Republicans Ready A More Modest Stimulus Bill
Republican lawmakers are aiming to release a narrower pandemic stimulus bill as soon as this week, CNBC reported.
The GOP is considering a $500 billion plan that would only involve concerns with bipartisan support, CNBC reported, citing sources.
That could mean more unemployment insurance, more authorization for small business loans, and funding for schools, coronavirus treatment, testing and vaccines. There is no current proposal for direct check payments to individuals, according to sources spoken to by CNBC.
The unemployment benefits would sit at around $300 or $400 per week, CNBC reported.
But the legislation likely has little chance of going further, as House Speaker Nancy Pelosi, the top Democratic lawmaker, won’t restart negotiations unless the Republicans raise their price tag to double its existing $1 trillion proposal. She said Democrats “have compromised” so far and welcomed Republicans to meet them halfway, according to CNBC.
Mark Meadows, White House chief of staff, reportedly tried to reach out to Pelosi’s office on Tuesday (Aug. 25), but Pelosi spokesman Drew Hammill said there was no mention of resuming negotiations, CNBC reported. Meadows said he suspected Pelosi would hold out until September, the deadline to reach a negotiation before a government shutdown loomed.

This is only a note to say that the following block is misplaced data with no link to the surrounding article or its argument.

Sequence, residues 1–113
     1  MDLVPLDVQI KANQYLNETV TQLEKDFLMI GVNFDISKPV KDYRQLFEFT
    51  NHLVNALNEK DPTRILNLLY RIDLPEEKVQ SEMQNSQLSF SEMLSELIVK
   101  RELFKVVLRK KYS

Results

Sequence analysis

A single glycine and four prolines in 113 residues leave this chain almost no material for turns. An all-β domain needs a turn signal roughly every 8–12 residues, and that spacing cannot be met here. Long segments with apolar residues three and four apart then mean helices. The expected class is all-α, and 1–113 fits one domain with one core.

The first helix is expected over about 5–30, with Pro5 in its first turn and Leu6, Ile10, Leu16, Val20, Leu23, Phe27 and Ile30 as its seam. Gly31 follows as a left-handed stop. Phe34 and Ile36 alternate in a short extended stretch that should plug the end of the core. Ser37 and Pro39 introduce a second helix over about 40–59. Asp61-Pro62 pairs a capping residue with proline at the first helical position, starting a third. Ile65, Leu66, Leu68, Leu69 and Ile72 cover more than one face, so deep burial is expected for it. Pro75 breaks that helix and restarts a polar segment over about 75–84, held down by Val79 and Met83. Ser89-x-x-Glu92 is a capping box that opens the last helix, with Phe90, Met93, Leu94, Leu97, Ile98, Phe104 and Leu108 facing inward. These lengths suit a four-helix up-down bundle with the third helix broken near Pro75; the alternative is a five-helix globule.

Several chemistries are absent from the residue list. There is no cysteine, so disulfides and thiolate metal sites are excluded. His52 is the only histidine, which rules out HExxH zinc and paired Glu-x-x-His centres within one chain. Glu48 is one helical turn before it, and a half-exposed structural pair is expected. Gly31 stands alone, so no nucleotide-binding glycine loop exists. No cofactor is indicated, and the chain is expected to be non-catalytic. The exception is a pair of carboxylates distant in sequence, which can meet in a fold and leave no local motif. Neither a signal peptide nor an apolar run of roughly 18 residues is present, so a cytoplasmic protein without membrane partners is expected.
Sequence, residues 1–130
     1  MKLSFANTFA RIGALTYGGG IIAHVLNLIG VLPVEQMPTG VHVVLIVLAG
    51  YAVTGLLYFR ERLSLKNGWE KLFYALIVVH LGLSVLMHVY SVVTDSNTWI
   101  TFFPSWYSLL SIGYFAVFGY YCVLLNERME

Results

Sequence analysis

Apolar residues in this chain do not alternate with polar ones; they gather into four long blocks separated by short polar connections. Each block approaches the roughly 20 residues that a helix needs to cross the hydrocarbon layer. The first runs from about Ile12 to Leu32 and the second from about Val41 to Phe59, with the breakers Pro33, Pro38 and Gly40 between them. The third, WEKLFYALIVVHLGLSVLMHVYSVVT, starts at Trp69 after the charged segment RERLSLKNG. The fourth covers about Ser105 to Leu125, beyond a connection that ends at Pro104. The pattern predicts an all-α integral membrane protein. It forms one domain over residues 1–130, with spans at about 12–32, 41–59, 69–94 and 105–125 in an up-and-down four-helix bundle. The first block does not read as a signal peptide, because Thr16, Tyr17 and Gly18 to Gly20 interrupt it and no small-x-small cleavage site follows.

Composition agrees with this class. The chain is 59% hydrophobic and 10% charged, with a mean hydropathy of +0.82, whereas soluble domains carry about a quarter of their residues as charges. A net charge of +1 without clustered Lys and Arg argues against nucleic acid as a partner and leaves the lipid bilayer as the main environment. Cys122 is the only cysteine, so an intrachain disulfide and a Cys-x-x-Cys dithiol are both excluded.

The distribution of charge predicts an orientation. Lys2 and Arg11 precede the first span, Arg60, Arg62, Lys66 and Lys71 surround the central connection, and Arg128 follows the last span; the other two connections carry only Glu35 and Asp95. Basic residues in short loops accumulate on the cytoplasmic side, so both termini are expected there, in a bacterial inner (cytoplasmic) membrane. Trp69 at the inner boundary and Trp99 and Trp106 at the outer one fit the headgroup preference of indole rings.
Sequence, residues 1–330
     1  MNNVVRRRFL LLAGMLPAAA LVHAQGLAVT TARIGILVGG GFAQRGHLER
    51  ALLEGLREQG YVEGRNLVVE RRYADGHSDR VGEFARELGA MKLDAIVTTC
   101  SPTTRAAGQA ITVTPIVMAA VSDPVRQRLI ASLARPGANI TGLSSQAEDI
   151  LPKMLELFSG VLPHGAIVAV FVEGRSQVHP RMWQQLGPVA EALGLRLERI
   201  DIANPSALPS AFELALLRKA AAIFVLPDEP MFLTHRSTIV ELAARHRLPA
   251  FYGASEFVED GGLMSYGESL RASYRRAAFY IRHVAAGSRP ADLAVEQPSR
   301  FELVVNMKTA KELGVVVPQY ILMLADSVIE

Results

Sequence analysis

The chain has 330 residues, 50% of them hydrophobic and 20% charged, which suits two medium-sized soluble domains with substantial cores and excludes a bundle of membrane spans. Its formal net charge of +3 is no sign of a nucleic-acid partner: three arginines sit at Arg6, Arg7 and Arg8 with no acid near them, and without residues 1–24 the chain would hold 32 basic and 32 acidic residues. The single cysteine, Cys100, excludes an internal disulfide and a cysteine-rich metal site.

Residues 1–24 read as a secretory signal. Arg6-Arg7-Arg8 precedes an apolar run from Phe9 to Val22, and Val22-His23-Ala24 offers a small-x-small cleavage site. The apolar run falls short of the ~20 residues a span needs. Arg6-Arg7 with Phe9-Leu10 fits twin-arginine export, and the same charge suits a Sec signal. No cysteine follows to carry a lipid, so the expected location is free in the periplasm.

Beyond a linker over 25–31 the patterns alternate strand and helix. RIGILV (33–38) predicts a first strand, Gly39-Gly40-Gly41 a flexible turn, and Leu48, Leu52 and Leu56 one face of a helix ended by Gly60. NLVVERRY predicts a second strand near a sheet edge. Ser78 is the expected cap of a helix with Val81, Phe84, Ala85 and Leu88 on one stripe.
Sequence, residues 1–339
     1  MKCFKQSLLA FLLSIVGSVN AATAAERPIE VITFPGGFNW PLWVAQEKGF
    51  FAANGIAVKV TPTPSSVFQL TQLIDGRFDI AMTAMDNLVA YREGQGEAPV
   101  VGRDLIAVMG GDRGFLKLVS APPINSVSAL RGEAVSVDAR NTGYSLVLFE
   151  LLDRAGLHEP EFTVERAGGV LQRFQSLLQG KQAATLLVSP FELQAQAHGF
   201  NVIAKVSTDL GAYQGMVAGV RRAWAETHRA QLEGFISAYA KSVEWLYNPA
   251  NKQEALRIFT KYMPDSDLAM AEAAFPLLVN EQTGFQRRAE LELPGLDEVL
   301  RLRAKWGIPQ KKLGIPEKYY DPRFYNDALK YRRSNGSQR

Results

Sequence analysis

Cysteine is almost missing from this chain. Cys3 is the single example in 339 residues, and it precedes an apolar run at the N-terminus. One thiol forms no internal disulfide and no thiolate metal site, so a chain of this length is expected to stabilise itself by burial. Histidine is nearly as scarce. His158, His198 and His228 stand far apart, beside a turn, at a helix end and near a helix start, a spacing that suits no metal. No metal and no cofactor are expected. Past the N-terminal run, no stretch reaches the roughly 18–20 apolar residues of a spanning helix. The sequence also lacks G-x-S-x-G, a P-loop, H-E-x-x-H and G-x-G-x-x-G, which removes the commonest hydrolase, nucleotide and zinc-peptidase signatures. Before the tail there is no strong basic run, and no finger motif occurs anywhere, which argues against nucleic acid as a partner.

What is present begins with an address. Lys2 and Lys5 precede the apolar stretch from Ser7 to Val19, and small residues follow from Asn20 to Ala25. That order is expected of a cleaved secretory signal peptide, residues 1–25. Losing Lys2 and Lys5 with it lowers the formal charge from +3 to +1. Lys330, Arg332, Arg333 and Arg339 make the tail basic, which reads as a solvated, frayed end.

Talks about another government stimulus package have been going on for months now, with the two parties at a standstill over several sticking points. Democrats have pushed for a multi-trillion-dollar package, including more individual stimulus checks and unemployment benefits among other assistance.
Republicans, meanwhile, pushed a $1 trillion package with slightly reduced unemployment benefits from the recently expired $600-per-week bonuses, along with more Paycheck Protection Program (PPP) money, liability protections for businesses and funding for the U.S. Postal Service.
The CARES Act, passed in March directly after the pandemic touched down on U.S. shores, passed the extra $600 a week for jobless benefits as a way to offset losses from mass unemployment. A recent report noted that the country spent $250 billion on just that aspect of the financial aid.